India may beat China to seal Bangladesh power project
India's state-run Bharat Heavy Electricals Limited is likely to win a contract to build a $1.6 billion power plant in Bangladesh. This comes as a major relief to India as it is set to replace China to earn the bid. India has long suspected Chinese interference through its 'String of Pearls' strategy which involves strategic investments in ports and other projects in India's backyard.
What is String of Pearls?
"String of Pearls" is a term coined in 2005 by US consultancy firm Booz Allen Hamilton. According to it, China would expand its naval presence in the Indian Ocean Region by building civilian infrastructure. The string represents the area extending from Southern China to Africa and West Asia, from where China imports its energy resources, and pearls denote Chinese installations such as ports.
Projects along the 'String of Pearls'
China has been developing various projects in India's neighbourhood including the Hambantota port in Sri Lanka, Gwadar port in Pakistan, Chittagong project in Bangladesh, a naval base in Djibouti, etc.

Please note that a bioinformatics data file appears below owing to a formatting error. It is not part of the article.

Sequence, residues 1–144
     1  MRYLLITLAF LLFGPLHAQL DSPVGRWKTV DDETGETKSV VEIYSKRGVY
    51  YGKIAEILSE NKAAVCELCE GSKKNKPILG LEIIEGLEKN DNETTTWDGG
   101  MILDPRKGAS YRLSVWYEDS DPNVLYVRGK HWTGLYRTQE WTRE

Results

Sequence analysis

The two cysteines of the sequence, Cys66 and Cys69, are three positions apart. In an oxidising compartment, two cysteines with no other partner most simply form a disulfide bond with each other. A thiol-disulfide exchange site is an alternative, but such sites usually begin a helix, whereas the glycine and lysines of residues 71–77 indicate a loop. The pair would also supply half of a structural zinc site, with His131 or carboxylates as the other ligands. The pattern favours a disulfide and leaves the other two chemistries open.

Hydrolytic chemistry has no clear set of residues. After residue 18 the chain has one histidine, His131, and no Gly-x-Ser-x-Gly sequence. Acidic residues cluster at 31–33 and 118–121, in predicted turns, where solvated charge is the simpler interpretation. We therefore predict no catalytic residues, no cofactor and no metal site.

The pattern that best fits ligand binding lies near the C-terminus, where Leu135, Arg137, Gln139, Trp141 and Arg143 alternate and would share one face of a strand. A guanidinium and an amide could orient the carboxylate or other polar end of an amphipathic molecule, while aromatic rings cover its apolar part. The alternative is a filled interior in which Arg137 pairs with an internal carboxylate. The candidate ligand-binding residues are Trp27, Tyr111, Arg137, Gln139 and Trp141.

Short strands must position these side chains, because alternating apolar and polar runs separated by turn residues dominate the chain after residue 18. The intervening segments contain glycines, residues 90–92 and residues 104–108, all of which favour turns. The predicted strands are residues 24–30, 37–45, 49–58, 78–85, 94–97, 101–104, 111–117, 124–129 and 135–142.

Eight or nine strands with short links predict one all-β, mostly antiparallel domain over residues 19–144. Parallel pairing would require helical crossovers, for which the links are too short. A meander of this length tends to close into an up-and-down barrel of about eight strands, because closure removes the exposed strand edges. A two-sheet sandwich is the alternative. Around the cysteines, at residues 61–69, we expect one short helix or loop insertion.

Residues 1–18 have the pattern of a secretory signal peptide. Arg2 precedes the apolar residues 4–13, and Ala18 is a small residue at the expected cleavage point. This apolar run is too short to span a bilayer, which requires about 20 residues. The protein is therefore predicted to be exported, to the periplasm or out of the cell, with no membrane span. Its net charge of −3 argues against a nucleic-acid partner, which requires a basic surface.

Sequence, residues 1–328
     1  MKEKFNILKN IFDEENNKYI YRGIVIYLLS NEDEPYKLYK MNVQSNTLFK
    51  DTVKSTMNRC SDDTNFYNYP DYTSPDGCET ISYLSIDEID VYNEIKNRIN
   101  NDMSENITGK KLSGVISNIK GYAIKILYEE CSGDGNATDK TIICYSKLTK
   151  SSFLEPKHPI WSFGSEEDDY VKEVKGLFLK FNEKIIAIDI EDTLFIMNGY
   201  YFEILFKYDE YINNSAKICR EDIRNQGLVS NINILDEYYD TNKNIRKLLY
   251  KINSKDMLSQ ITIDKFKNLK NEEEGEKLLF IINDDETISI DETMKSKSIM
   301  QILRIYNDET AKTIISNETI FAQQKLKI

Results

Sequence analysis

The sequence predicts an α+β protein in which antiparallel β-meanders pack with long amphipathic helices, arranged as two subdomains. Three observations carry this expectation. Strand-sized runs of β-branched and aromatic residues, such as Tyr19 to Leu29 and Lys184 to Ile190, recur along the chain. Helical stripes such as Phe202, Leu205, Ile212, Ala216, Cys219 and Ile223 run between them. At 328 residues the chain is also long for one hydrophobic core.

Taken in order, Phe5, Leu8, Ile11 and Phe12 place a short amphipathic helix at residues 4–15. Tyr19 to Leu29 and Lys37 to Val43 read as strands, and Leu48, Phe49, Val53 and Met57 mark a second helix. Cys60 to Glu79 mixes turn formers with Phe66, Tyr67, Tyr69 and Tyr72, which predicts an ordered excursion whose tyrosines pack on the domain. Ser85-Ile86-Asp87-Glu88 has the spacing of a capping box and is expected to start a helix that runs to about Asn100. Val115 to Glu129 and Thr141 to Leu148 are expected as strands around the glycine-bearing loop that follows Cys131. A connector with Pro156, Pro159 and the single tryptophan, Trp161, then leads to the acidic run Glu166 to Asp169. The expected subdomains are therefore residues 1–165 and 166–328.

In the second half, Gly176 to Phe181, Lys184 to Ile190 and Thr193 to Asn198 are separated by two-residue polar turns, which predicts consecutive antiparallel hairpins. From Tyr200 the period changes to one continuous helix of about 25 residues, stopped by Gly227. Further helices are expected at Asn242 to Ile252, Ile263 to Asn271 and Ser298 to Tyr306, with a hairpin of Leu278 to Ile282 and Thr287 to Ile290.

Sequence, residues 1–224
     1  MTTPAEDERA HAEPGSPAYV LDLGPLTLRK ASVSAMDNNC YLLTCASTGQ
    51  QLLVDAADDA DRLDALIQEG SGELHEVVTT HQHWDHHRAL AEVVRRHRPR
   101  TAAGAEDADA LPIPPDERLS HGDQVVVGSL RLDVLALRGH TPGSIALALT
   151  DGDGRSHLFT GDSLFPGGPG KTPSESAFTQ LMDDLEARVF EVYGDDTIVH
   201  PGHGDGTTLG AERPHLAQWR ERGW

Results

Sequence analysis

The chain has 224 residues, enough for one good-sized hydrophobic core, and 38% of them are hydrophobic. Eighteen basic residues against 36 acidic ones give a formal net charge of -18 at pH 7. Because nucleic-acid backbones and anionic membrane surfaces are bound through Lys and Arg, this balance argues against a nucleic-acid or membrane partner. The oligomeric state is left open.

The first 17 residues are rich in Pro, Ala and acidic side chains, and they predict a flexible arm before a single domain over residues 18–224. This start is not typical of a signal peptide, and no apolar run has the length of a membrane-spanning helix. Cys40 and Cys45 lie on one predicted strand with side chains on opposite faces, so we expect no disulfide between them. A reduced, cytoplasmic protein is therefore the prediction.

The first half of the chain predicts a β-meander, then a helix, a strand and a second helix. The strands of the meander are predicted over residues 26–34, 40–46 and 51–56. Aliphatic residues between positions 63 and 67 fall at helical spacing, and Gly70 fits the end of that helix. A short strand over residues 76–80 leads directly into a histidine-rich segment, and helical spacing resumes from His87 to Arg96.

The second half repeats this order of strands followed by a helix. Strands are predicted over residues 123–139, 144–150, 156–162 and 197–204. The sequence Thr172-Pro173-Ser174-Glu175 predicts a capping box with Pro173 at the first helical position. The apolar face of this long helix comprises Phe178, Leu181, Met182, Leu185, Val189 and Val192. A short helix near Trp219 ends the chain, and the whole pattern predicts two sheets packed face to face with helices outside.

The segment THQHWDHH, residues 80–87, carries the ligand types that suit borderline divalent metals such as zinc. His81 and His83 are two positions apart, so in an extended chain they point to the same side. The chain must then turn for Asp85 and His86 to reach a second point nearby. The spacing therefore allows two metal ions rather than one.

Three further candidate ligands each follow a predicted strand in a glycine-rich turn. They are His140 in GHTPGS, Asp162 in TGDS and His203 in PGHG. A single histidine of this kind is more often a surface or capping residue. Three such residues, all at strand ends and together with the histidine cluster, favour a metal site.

Dhaka prefers Japan over China
Bangladesh may drop the $8 billion deep-water port project at Sonadia being negotiated with China and instead, opt for Japan's proposed seaport project at Matabari. Japan has offered cheap funding for the Matabari project complex which also has power plants and an LNG terminal. The decision comes as a setback to China which is expanding its footprint in the region through the 'String-of-Pearls' initiative.
Bangladesh's power woes
According to the World Bank, Bangladesh faces a severe power shortage with 40% or 65 million out of a population of 160 million not having access to electricity.
Bangladesh seeks $13 billion loan for power sector
To augment power generation, transmission and distribution facilities to address the power deficit in the nation, Bangladesh is seeking huge investments in its power sector. The $13 billion investment will add 24,000 MW capacity by 2021. Bangladesh is already negotiating cheap long-term loans from the Chinese Exim bank, China's external investment arm, for the implementation of such projects.
Environmental constraints remain
The 1320MW thermal power plant in Bangladesh will be built by BHEL and funded at low rates by India's Exim Bank, which is a government-owned bank for India's external investment. This would be the largest power project by an Indian company abroad. However, the challenges still remain as environmental activists may oppose the project, owing to its impact on the Sunderbans mangrove forests.